Individual, Cultural and Structural Predictors of Vaccine Safety Confidence and Influenza Vaccination Among Hispanic Female SubgroupsJournal of Immigrant and Minority Health (2016)
Rates of influenza vaccination among US Hispanics are lower than for non-Hispanic whites, yet little is known about factors affecting vaccination in this population. Additionally, although Hispanics are a diverse population with culturally distinct subgroups, they are often treated as a homogenous population. This study (1) examines how confidence in vaccine safety and influenza vaccine use vary by Hispanic subgroup and (2) identifies individual, cultural and structural correlates of these outcomes. This study analyzed survey data from 1565 Hispanic women who were recruited at clinic- and community-based sites in Los Angeles. Education, healthcare coverage, acculturation, fatalism, and religiosity were predictors of influenza vaccination behavior and predictors varied by subgroup. These findings provide guidance for how influenza vaccine promotion efforts can be developed for Hispanic subgroups. Confidence in the safety of a vaccine is a major predictor of flu vaccination and an important modifiable target for intervention.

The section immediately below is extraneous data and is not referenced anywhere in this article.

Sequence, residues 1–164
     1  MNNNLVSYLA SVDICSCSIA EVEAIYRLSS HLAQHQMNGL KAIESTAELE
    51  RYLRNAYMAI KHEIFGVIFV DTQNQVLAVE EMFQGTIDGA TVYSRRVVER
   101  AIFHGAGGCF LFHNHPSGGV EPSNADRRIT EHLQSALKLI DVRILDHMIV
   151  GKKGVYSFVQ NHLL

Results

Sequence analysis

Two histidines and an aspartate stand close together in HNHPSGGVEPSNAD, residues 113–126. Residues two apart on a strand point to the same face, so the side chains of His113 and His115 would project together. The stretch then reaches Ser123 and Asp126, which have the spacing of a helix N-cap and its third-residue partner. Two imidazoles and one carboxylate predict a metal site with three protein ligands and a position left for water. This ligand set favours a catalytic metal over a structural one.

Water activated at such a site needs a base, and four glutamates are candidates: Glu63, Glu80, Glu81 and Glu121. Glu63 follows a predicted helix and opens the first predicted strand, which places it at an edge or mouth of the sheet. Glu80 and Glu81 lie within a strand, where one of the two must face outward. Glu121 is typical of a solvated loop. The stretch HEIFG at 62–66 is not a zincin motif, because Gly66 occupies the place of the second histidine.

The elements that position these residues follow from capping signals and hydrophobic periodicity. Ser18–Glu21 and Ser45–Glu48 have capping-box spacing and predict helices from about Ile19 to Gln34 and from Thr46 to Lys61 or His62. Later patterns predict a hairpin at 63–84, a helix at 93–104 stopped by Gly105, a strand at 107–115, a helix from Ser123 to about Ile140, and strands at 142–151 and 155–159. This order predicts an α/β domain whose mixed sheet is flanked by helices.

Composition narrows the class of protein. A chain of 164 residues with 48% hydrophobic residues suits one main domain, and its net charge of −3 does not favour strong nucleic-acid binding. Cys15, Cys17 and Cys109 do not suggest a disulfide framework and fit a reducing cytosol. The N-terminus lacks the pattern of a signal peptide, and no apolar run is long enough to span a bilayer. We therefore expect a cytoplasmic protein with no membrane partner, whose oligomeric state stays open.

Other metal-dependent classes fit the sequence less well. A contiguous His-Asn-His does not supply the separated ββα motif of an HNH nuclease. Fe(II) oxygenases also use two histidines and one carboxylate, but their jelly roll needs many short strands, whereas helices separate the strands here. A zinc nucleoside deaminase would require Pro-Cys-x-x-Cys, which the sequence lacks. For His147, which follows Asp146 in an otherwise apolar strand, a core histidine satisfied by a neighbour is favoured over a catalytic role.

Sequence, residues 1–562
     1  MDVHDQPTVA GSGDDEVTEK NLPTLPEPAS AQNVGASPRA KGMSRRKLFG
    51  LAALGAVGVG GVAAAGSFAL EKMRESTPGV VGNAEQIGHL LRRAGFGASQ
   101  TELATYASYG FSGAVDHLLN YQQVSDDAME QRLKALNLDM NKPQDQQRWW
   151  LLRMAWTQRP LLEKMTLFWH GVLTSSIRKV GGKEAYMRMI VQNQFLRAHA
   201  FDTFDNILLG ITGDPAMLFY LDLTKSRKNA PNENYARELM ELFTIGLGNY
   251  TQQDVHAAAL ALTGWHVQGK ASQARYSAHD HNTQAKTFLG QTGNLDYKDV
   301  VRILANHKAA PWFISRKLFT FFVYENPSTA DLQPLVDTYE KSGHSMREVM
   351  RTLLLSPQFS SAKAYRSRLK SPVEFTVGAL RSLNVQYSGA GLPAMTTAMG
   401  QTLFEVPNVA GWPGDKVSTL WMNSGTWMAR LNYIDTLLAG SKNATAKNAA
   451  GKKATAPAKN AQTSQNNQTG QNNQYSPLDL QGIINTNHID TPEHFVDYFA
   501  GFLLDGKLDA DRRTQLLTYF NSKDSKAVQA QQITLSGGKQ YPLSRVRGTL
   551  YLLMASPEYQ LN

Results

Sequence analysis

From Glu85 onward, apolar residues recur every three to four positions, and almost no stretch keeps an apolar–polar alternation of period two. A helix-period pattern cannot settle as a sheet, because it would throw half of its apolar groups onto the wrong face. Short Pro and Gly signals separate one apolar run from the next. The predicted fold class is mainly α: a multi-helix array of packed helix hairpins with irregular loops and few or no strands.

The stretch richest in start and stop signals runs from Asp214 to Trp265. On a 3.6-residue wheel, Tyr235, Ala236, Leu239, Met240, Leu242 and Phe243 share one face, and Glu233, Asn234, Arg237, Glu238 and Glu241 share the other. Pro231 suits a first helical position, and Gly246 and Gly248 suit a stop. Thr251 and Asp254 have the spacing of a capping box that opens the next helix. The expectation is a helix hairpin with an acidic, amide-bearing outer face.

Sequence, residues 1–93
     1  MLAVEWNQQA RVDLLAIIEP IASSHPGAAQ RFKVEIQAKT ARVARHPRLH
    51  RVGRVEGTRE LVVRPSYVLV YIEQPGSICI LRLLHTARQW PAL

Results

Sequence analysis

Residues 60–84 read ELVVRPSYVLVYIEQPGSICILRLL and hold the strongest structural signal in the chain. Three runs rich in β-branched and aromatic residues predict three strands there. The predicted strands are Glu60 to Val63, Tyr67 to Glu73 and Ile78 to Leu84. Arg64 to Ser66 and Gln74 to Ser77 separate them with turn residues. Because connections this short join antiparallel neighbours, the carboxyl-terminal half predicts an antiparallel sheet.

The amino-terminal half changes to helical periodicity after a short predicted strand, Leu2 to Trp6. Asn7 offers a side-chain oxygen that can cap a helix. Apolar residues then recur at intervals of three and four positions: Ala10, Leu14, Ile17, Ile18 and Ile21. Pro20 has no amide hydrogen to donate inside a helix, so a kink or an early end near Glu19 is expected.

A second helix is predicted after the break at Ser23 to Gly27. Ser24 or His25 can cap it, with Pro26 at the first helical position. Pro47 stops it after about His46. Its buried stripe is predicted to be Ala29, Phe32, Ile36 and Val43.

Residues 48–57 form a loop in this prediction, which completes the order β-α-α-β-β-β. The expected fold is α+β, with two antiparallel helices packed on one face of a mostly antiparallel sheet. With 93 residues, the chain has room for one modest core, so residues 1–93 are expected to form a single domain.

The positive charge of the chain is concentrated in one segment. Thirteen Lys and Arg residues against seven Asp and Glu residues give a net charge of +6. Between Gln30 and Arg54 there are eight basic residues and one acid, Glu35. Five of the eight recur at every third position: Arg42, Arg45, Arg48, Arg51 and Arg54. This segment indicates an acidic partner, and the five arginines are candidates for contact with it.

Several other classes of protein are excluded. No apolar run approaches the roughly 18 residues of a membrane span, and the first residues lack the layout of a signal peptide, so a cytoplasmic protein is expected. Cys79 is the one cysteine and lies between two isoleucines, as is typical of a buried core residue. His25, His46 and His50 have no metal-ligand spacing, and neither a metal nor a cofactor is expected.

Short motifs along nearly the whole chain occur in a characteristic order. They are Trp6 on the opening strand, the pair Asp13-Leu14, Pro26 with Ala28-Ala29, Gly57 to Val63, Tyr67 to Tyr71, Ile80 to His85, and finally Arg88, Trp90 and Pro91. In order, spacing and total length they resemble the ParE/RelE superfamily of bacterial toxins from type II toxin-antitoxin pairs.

Publication DateMay, 2016
Citation InformationMeghan Bridgid Moran , Joyee S. Chatterjee, Lauren B. Frank, Sheila T. Murphy, Nan Zhao, Nancy Chen, and Sandra Ball-Rokeach. (2016). Individual, Cultural and Structural Predictors of Vaccine Safety Confidence and Influenza Vaccination Among Hispanic Female Subgroups. Journal of Immigrant and Minority Health, 1-11.